I am not a C++ expert, but what you are proposing sounds like the right thing to do. I think you are on the right track.

  • David // Apr 1, 2011 at 2:58 am

    Hi Misko, I cannot get my head around clear implementation of lazy loading while adhering to the newable/injectable paradigm. I want my DDD entities to implement transparent lazy loading and to be true newables at the same time. How to achieve this?

    Let’s continue in your example and take the Song as an entity. Song has member properties (unique song id), Song.loaded (boolean) which indicates if the song has been loaded (e.g. from DB or disk). I also have a field reference to Loader object which does the actual loading (I know this is bad). And finally there are class members for other song properties: song data, author, year, etc.

    Every setter and getter first checks if the object has been loaded and if not it calls this.loader.load(this). This way I have lazy loading transparent to the client and I can use very ‘light’ Song objects in my system, which get loaded only when needed. Until then they are just empty shells with only id set.

    Now I want to factor out the Loader service object (injectable) from the Song (newable) and keep the lazy loading transparent to the client (so that client can call e.g. song.getAuthor() as usual). And I am stuck here. How to invoke the loader service object from getters and setters and not keep a field reference to it in Song? It would be possible to pass the loader to every getter and setter (string Song.getAuthor(Loader loader)) but it seems a lot of hassle and it complicates things for the client.

    Is there a better way? Or am I missing something completely? Thanks for any hint.

    Note 1: Sorry for my terminology and notation. I am a PHP guy and I am just guessing the Java equivalents.

    Note 2: This blog is excellent! Thanks Misko. I wish this kind of knowledge was available also in the PHP world.

  • misko // Apr 1, 2011 at 9:59 am


    Your analysis of the problem is very good. What you are asking for is not possible, since new-ables can not have a field reference to an injectable. You have two choices

    1) pass the loading service into each method. (That seems like a bad idea, and puts too much work on the user of your class, and probably breaks Law of Demeter)
    2) change the object from newable to injectable. So the user will say songFactory.create() rather then new Song(). The factory can then set the field.

    There really are no other options, unless you go to the dark side and create a global variable, which is always a bad idea.

  • David // Apr 2, 2011 at 5:21 am

    The Dark Side: I will definitely steer clear of global variables and singletons (and static calls if possible). I’ve learned it the hard way in my tests, that what at first seems like a shortcut is in fact a very painful road to hell.

    The first option (pass the loader into each method) does not appeal to me much for the stated reasons. But I think that the other approach (inject the loader into Song) is flawed as well. Please correct me if I am wrong:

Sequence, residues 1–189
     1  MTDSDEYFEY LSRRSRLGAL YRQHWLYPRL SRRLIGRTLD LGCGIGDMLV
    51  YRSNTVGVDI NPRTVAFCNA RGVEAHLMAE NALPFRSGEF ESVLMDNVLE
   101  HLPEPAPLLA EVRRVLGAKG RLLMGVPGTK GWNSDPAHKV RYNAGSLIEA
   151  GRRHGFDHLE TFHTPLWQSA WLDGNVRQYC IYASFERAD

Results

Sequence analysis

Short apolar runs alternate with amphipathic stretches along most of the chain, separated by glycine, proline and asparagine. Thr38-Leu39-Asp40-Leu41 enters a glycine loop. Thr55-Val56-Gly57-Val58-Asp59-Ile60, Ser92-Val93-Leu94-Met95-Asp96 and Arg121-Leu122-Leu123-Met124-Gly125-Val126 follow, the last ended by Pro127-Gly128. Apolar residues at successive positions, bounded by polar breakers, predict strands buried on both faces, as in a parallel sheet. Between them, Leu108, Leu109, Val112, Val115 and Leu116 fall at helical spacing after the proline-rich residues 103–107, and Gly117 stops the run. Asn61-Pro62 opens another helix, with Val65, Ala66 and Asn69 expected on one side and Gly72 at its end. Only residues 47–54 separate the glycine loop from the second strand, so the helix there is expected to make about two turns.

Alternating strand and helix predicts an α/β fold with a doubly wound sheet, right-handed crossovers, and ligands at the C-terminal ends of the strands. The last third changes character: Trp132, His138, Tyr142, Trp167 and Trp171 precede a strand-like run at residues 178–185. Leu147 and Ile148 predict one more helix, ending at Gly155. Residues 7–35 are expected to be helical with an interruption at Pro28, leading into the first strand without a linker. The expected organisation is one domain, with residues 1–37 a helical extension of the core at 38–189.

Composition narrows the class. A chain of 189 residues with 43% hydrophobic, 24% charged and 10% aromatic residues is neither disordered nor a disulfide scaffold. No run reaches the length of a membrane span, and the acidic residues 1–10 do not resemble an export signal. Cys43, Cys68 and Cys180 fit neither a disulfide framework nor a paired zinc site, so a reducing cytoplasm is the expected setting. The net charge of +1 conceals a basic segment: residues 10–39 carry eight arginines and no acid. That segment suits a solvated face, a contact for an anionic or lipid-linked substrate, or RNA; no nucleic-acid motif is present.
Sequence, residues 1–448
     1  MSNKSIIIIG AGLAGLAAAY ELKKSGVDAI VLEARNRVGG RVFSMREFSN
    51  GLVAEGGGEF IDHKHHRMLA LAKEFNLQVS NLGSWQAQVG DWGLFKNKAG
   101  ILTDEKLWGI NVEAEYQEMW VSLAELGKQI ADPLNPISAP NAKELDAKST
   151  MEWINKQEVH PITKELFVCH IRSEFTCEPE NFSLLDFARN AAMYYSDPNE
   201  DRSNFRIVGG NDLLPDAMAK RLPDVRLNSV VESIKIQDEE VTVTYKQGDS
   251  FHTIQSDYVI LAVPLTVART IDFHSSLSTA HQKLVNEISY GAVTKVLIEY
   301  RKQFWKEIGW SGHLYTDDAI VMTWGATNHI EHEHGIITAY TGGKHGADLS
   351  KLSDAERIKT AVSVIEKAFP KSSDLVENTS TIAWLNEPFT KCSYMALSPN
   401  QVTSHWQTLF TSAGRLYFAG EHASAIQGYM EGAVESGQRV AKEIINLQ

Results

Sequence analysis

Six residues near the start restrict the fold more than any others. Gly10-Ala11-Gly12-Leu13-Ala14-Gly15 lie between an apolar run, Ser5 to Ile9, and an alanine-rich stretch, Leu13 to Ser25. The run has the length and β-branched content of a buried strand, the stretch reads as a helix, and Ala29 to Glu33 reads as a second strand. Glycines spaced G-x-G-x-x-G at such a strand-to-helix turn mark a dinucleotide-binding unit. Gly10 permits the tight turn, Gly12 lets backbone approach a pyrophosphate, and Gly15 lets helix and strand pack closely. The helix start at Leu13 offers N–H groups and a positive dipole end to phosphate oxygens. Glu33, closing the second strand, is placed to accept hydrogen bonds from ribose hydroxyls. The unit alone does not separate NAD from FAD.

a) The Song is an Injectable now, but it has state – Seems wrong to me. Is it ok?

    b) The Song does not fit to any DDD category now – The Song class with the Loader field reference is neither a service (it has state and overall it does not look like a service) nor an entity (or is it?). Will this mixed nature of the Song class backfire at some point?

    c) We are breaking our ground rules here – “…Injectable can never ask for a non-Injectable (Newable) in its constructor…”. When the Song was a Newable, we could easily pass primitives or other newables to its constructor to initialize it. But this should be a ‘NO NO’ for Injectables.

    All the three points seem to be intertwined and maybe it’s just three guises of the same issue. Anyway I am baffled. (I hope you say that my conclusions are wrong. Otherwise it would seem that the newable/injectable scheme cannot be fitted to a very simple model?)

  • Bob // Apr 3, 2011 at 4:49 pm


    I believe that that injectable option that Misko is describing isn’t to make the Song an injectable but is instead to inject an injectable (in the form of a Song factory) that will then create the Song.

  • misko // Apr 3, 2011 at 9:01 pm


    perhaps you could split it into two objects. SongInfo which is newable, and a Song which is also newable but which you get asking the repository

    Song s = songRepository.get(new SongInfo());

    This way you have a clear separation between the object which you can create and which needs to be populated by the system.

  • Lars-Erik Roald // Sep 14, 2011 at 11:28 pm

    Have you considered the factory pattern ?
    And letting having an ISongSetup interface that is only visible to the SongFactory ? The factory itself just resolves directly from the IOC container by calling some Resolve method and then call Setup(arg..) on the Song.

    Song : ISongSetup
    ISongSetup : ISong

    If you dont like exposing the IOC Container to the factory, just create your own wrapper around the container.

  • Casey // Mar 28, 2013 at 7:46 am


    I have a long chain like E(D(C(B(A)))))

    E is the interface, A is a provider/factory.

    I need to pass paths and other details to A to trigger the chain resulting in E objects. How do I get a shared_pointer to A from the interface at E?